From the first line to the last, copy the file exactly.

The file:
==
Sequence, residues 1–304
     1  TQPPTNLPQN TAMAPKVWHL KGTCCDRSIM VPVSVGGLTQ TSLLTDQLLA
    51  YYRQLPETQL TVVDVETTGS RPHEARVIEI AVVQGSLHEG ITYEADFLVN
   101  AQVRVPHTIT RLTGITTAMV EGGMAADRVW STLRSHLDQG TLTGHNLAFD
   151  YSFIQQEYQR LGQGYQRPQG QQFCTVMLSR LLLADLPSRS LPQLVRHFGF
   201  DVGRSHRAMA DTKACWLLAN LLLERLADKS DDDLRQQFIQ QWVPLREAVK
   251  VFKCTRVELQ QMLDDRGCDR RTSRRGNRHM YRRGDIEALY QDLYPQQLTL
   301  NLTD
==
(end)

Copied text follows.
Sequence, residues 1–304
     1  TQPPTNLPQN TAMAPKVWHL KGTCCDRSIM VPVSVGGLTQ TSLLTDQLLA
    51  YYRQLPETQL TVVDVETTGS RPHEARVIEI AVVQGSLHEG ITYEADFLVN
   101  AQVRVPHTIT RLTGITTAMV EGGMAADRVW STLRSHLDQG TLTGHNLAFD
   151  YSFIQQEYQR LGQGYQRPQG QQFCTVMLSR LLLADLPSRS LPQLVRHFGF
   201  DVGRSHRAMA DTKACWLLAN LLLERLADKS DDDLRQQFIQ QWVPLREAVK
   251  VFKCTRVELQ QMLDDRGCDR RTSRRGNRHM YRRGDIEALY QDLYPQQLTL
   301  NLTD